Taste is one of five traditional senses present in human beings. Although all five are regarded as important for the total eating experience, not all are equally important as some are involved only in an indirect way.
Taste or gustatory perception, is the chemical sensation produced when a substance in the mouth reacts with receptors called taste buds.
Smell or olfaction constitutes the aroma cues produced by substances and picked up by receptors in the nose.
Sight informs us about the colours, general appearances and shapes of the substances we are about to consume, but little about its taste or smell.
Touch informs us about the texture of the substance, its temperature and in some cases, the pain it causes.
Hearing is perhaps the most distant of all five senses when it comes to the eating experience. Yet it tells us something about the textures (the crunch of deep-fried fish or a fresh apple for example) of the substance. More importantly however, it tells us a lot about the overall eating experience.
Close your eyes and think of the crashing waves at a beach-side restaurant, the buzz of a cozy restaurant filled with happy diners, the sounds of pots and pans and cutlery that tells us lunch is going to be ready soon. Makes you hungry does it not?
Researchers have found that even though the five senses differed in their modes of reception, all shared three common steps: 1) a physical stimulus, 2) a set of events that transform the stimulus into nerve impulses, and 3) a response to the signal that takes the form of a perception or conscious experience of sensation.
Yet, there is a qualitative difference between the physical properties of the stimulus and our perceptions. The nervous system extracts only certain elements of information from each stimulus, while ignoring others, and then interprets the information in the context of the brain’s intrinsic structure and, importantly, previous experience.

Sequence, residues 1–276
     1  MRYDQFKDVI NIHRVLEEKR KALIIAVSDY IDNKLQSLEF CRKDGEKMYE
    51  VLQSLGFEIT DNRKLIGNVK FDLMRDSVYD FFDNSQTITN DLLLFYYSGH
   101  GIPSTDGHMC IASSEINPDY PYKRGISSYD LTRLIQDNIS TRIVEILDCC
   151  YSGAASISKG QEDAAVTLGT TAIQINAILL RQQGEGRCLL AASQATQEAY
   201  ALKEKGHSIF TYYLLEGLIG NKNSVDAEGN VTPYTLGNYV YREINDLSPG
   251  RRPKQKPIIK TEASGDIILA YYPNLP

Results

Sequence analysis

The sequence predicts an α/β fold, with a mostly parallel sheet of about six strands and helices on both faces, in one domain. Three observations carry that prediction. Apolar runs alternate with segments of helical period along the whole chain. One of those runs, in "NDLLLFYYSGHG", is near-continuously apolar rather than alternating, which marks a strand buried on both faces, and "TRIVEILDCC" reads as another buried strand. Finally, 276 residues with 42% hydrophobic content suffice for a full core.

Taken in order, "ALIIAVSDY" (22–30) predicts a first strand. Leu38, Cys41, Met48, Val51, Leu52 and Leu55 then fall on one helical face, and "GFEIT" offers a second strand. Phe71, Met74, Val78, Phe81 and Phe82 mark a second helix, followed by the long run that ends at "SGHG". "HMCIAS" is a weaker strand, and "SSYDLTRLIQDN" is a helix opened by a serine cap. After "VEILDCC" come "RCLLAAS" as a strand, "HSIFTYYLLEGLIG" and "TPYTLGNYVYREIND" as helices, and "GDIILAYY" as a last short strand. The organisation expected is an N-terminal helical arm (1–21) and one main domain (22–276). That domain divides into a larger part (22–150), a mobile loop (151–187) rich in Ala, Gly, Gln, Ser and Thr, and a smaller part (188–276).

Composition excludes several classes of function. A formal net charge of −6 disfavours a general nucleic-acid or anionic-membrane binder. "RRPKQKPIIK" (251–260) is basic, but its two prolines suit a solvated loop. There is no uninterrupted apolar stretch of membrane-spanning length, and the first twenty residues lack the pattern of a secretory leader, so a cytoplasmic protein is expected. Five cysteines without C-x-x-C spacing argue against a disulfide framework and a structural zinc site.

For example, we receive (as stimulus) electromagnetic waves of various frequencies, but we see the colours red, blue and green. We receive pressure waves from object vibrating at different frequencies but we hear words, music and sounds. Thus, what we perceive to be taste and smells are really nothing but chemical compounds floating on air or in water.
Tastes, like colours, smells and tones, are metal creations constructed by the brain out of sensory experiences. Therefore, they do not exist, outside the brain.
Taste are classified as aversive or appetitive depending on the potential effects of the substance to our bodies. This serves as an early warning system of sorts. For example, sweetness helps to identify energy-rich foods, and bitterness is associated with poisonous or toxic substances.
It is thus not surprising that bitterness is usually the last taste to be acquired and appreciated, as only repetition would allow the initial averse association to be set aside. It is thus not surprising that most if not all coffee drinkers started with sugar added to their coffee. Chocolate lovers typically start with the sugar rich, sweet variety before moving on the real (bitter) deal.
Taste receptors (as is the case with smell and hearing) are spatially distributed to form (taste) clusters on the tongue. The tongue is the primary location of taste buds, but the cheeks, roof of mouth and throat also have some. Each cluster of taste buds has particular chemical sensitivities (salts, sugars, acids, etc.) and their spatial activity allows the brain to differentiate between the various tastes of which we have five: salty, sweet, bitter, sour and umami.
The chemical processes for each of these taste groups do vary. Salty and sour flavous occur when salvia breaks down sodium or acids. Sweet and bitter involve many more chemical componets.